Face coverings can reduce COVID-19 transmission risk: study
Wearing a face mask or other covering over the mouth and nose reduces the forward distance traveled by an exhaled breath by more than 90 percent, research suggests.
A team of engineers from Heriot-Watt University, the University of Edinburgh and NHS Lothian clinicians tested the effectiveness of seven types of face covering—including medical-grade and home-made masks—found that they could all potentially help limit the spread of COVID-19.
However, some of the masks enabled strong jets of air to escape from the back and sides.
The findings could aid policymakers producing guidance on the wearing of masks to help combat the virus.
The research group assessed different face coverings using a technique called Background Oriented Schlieren imaging, which enables scientists to measure the distance and direction traveled by air expelled when a person breathes or coughs.
Measurements were taken from people wearing different face coverings while standing or lying down, and from a manikin connected to a cough-simulating machine.
Researchers found that all face coverings without an outlet valve reduce the forward distance traveled by a deep breath out by at least 90 percent.
A type of mask commonly worn by workers exposed to fine dust—called a respirator mask—was shown to provide protection to the wearer. However, the valves on these masks that made breathing easier could potentially allow infectious air to spread considerable distances in front, the study found.
Surgical masks and the tested hand-made masks were found to limit the forward flow of expelled breath, but also generate far-reaching leakage jets to the side, behind, above and below. Heavy breathing and coughing, in particular, were shown to generate intense backward jets.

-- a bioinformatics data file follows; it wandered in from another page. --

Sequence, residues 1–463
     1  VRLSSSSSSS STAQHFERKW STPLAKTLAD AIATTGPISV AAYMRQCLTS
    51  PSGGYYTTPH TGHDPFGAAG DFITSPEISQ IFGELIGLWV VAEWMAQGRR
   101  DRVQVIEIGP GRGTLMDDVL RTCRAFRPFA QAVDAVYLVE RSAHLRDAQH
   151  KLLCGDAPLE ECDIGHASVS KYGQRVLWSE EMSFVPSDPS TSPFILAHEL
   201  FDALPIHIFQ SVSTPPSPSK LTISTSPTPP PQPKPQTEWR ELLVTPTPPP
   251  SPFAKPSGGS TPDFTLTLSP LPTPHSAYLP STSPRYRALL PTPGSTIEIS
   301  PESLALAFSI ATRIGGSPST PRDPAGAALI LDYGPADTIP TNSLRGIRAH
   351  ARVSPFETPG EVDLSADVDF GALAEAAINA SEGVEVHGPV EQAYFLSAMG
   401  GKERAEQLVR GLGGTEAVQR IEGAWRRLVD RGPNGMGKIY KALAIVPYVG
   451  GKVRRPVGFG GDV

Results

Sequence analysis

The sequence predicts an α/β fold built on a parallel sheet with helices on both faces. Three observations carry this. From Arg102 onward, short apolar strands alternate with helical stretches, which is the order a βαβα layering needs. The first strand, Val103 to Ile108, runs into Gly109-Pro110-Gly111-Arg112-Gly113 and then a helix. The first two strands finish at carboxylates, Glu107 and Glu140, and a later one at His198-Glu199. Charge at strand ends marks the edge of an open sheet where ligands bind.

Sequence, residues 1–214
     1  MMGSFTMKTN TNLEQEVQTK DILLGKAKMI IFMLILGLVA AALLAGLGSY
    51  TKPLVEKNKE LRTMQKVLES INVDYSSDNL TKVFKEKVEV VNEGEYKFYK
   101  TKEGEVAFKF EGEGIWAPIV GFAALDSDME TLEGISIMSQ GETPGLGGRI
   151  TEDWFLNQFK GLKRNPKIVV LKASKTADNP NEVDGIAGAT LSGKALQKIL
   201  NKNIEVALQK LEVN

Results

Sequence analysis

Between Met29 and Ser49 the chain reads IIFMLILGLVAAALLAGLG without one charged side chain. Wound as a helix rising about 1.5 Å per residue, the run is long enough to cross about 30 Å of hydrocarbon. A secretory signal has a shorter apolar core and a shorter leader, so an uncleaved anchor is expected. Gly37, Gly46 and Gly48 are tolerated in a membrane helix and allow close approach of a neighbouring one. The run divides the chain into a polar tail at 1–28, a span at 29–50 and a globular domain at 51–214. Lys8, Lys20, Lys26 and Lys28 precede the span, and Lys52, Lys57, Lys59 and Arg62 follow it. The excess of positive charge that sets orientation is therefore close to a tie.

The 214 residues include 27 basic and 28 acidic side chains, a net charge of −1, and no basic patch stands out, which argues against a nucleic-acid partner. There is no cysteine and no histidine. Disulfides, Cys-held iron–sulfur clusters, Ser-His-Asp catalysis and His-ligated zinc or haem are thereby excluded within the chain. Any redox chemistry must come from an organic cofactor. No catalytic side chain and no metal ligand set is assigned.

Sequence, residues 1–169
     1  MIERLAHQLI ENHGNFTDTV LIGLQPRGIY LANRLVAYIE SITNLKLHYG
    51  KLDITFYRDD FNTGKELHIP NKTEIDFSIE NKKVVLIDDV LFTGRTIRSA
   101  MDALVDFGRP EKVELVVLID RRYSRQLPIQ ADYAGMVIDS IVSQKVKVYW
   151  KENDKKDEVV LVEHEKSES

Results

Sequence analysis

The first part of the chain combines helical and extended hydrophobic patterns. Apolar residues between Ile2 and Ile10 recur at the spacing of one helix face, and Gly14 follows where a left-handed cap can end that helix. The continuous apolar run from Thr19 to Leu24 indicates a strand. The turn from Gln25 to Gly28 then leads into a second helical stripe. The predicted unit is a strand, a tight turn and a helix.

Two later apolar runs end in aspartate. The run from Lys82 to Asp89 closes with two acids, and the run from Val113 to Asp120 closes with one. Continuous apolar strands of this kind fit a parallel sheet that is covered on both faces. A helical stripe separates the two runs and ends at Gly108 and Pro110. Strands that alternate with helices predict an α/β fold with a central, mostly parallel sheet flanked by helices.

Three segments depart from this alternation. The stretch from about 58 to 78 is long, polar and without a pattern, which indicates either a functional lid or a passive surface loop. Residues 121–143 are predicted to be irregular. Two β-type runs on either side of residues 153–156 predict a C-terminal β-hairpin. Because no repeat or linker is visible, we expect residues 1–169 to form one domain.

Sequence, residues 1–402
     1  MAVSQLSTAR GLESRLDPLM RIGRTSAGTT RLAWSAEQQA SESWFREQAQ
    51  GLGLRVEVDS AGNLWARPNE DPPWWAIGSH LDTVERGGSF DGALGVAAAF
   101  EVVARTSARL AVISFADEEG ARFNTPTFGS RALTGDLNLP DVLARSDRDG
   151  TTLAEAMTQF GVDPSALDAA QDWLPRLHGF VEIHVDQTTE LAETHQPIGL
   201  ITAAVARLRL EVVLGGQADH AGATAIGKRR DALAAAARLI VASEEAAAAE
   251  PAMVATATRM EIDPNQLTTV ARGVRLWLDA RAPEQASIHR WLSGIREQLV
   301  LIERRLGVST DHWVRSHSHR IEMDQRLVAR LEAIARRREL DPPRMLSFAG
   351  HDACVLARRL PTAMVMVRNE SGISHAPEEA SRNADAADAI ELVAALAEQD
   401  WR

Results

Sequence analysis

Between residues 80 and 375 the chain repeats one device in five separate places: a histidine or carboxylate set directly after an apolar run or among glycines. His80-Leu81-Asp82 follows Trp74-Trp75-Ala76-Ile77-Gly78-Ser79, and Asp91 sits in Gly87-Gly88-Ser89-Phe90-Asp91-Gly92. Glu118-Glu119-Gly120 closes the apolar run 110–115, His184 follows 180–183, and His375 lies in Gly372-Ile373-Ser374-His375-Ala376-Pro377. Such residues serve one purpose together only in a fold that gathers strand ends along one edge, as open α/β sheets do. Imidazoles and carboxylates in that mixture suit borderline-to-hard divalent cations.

Only masks that form a tight seal with the face were found to prevent the escape of virus-laden fluid particles, the team says.
Researchers found that full-face shields worn without masks enabled the release of a strong downward jet.
The team also discovered that a regular medical procedure known as extubation—the removal of a breathing tube used during anesthesia and when patients are on a ventilator—may increase the risk of spreading COVID-19.
Simulations showed the coughing that regularly accompanies extubation caused people nearby to be enveloped in the patients' exhaled air. This puts clinicians and others at high risk of exposure to the virus, the team said.
Dr. Cathal Cummins, an assistant professor in the Department of Mathematics and Institute for Infrastructure & Environment from Heriot-Watt University , who co-authored the work, said: "Even our hand-made mask performed very well in preventing the frontal spread of the wearer's exhaled breath. While this is positive, wearers of hand-made face masks need to be aware that jets of air can leak out of the sides and back of their masks. This could be particularly important when using masks on public transport, where sitting behind someone wearing a mask could be more of a hazard than sitting directly facing them."
Dr. Ignazio Maria Viola, of the University of Edinburgh's School of Engineering, who coordinated the project, said: "I have generally been impressed by the effectiveness of all the face coverings we tested. However, we discovered that some face coverings allow the emergence of downward or backward jets that people are not aware of and that could be a major hazard to others around them."
Dr. Felicity Mehendale, a surgeon at the Centre for Global Health at the University of Edinburgh's Usher Institute, said: "It was reassuring to see the hand-made mask worked just as well as the surgical mask to stop the wearer's breath flowing directly forwards. This suggests that some hand-made masks can help to prevent the wearer from infecting the public. But, the strong backward jets mean you need to think twice before turning your head if you cough while wearing a mask; and be careful if you stand behind or beside someone wearing a mask."